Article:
I will spare you excuses for my blogging absence, because that is what they are, excuses. Sometime soon I will share my news with you all. Today we are going to learn all about hurricanes. Yay!
As many of you know, I moved to Louisiana in January. Having spent all my life in the midwest and then two years in Boston. So, this is my very first hurricane! In case you live under a rock, Hurricane Isaac is slowly but surely coming to Louisiana.
My knowledge of Hurricane survival comes from a book I remember reading in late middle school, early high school called Louisiana Hurricane 1860 by Kathleey Duey. It’s part of a series about romance in crazy, abnormal, historical situations. My initial reaction was to call them natural disasters since the ones I remember the most are Louisiana Hurricane 1860, The Great Chicago Fire 1871, San Francisco Earthquake 1906 and Washington Avalanche 1910. However, there is also Hidenburg 1937 and Pearl Harbor 1941.*
Anyway, back to real Hurricanes. I freaked out Sunday night and Monday (was close to tears a couple times yesterday) because I have no desire to be in a natural disaster. I don’t want the air to go out. I don’t want my cell phone to die and have no way to call my mother. I don’t have a radio and all the stores were out, so once the power goes out and my ipad dies, well I’m screwed. Nothing about this sounds like fun. Neither does filling my bathtub with water to flush my toilet. So many people told me to clean my tub, fill it with water, then put some bleach in it, and then use that for toilet and drinking water if I run out of bottled water. Frankly, I refuse to drink bleach water out of my tub, so I ran around the house filling every bowl, pitcher, and even the crock-pot with water, in case I run out of previously purchased water. Frankly I’m glad the boy is with me right now, because I’d be going crazy (not to mention when I et nervous I need to use the restroom and that will deplete the toilet flushing water pretty quickly!)
Yet, even though this Hurricane is beginning to scare me (we now have tornado watches too) I cannot help thinking about the people who lived through Hurricanes long ago. Back before the radio was invtented. Back before meteorologists could tell storms were brewing long before they manifested themselves. Back when most people lived miles and miles away from each other, so you couldn’t pick up and travel to a friends house 50 miles away when a storm approached your home.
According to HPC the first documented hurricane in the Gulf of Mexico occurred on October 23, 1527. According to the paper by David Roth of the National Weather Service in Camp Springs, MD, “the earliest reference that can be found to a storm in the Gulf of Mexico occurred on a voyage of Panfilo de Narvaez, whose nemesis was Fernando Cortes…he was sent to settle Florida, until forced to leave by hostile natives and hunger. His five boats of less than 250 men hugged the coast and sailed westward. As they were passing the Mouth of the Mississippi River, a storm caught the barges and ‘tossed them like drift wood’ (ChiPMan).”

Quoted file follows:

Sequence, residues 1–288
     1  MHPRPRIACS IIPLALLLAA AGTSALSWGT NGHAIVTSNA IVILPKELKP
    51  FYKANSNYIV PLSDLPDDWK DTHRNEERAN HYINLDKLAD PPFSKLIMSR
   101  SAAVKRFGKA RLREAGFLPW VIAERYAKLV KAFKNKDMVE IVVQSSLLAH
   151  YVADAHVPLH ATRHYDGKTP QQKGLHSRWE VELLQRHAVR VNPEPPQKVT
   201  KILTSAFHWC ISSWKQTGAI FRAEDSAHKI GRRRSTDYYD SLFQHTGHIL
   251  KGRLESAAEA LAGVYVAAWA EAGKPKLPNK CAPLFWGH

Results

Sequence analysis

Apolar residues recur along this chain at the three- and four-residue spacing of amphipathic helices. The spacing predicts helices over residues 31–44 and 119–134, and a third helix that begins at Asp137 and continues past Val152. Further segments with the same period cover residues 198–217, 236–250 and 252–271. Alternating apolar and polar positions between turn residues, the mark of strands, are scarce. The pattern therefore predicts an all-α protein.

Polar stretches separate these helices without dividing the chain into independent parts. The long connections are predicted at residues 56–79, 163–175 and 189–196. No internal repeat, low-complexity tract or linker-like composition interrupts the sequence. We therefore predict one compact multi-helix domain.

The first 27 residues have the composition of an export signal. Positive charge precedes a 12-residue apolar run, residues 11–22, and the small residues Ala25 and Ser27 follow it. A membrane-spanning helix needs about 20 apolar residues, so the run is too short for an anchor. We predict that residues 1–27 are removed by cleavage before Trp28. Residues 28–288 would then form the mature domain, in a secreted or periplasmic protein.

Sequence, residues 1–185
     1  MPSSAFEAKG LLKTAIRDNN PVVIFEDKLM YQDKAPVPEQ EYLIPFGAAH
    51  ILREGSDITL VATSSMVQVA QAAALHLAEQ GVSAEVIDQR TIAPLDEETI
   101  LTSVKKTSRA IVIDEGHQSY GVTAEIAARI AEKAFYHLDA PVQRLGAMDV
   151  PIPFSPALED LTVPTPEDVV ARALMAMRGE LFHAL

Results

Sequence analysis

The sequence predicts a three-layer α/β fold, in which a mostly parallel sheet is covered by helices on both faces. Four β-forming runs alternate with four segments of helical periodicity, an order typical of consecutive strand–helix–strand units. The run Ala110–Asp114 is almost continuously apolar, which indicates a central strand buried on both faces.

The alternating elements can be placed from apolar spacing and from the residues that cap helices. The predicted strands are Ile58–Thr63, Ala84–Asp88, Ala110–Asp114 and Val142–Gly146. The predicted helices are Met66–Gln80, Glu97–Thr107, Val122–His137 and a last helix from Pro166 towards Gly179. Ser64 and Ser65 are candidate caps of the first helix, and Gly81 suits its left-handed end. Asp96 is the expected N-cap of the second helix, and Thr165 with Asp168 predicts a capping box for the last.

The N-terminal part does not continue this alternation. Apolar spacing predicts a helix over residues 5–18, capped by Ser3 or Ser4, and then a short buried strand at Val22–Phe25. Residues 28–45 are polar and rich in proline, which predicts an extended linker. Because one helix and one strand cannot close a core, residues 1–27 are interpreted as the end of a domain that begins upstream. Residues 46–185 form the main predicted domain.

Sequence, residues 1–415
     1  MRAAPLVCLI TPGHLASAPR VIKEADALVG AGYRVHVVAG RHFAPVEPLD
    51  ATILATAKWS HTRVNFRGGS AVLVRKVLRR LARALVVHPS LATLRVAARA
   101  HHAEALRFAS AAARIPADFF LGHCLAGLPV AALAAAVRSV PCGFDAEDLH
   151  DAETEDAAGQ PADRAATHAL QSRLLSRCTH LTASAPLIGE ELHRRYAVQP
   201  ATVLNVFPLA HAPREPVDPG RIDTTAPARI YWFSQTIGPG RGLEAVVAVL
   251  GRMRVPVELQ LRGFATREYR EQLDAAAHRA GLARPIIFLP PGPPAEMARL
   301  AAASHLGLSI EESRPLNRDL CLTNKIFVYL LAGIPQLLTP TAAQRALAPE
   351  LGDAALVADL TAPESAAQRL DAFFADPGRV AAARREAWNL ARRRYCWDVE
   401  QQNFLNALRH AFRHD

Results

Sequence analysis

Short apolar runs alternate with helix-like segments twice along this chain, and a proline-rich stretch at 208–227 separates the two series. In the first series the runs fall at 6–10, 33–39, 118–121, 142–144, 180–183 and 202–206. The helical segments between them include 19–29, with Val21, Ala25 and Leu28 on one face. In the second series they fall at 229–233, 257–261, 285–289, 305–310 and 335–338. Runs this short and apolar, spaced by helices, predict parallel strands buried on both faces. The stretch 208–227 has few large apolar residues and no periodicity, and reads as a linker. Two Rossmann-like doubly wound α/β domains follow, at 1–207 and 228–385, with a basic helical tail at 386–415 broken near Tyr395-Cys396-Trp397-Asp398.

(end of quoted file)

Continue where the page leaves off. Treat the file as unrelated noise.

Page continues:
After that, the first “well-documented” storm occurred between September 22-24, 1722. During that storm 36 huts were destroyed and 3 days of flooding rains occurred around the 27th (Roth). Granted the area was most likely scarcely populated at the time, but 36 seems like a lot! Later, on August 17-18, 1779, a hurricane landed in New Orleans. At this time Bernardo de Galvez officiated as mayor of New Orleans and Spain and Great Britain were at war. According to Roth, “Almost of all of Bernardo de Galvez’ ships that were to be sued to secretly seize the British post at Baton Rouge were grounded or destroyed, thus ruining his plans for the invasion until the 27th…some of the ships were found in the middle of the woods after the storm!”
Moving to the 1800s. On August 16-17, 1831, “the Great Barbados hurricane, very destructive, hit just west of Last Island, just west of Baton Rouge…and killed 1500 people along it’s path from Barbados to New Orleans (Roth).” Along the way, it destroyed a fishing village on Grand Isle due to six feet tidal waves.
The weather itself is the same. However, our housing structures are so much stronger. Yes, the wealthy lived in incredibly sturdy, well built houses. Otherwise we would not have historic houses and plantations today. However, think of all the slaves. The bulk of Louisiana economy came from plantations. Those plantations required slaves, and I can guarantee their houses were not of sturdy construction.
Louisiana is also filled with poor swamp people, or Cajuns. These homes are oftentimes directly on the water and, again, now always sturdily built. Also, it was unlikely that these people had easy access to evacuation.
I know I could talk about recent Hurricanes like Katrina and Gustav. But honestly, it’s the older hurricanes that fascinate me; how people survived and almost embraced the crazy weather of their homeland. I truly believe that Louisiana is in your blood, because as a transplant, I see no reason to stay in an area so susceptible to natural disaster.
* The books are just as the titles suggest–fluffy teen historical romance. I actually reread Louisiana Hurricane 1860 when I moved down here, and wow. Not the greatest book ever. It’s actually pretty bad. But it totally entertained me as an adolescent! I loved the “forbidden romance” of the wealthy plantation creole and the cajun worker. I also read all the other books in the series, besides Pearl Harbor 1941 and they all followed the same line. Fluffy, enjoyable, clean, historical romance. But, based solely on the covers, I hid them from my mother when I checked them out from the library. I was such a dork.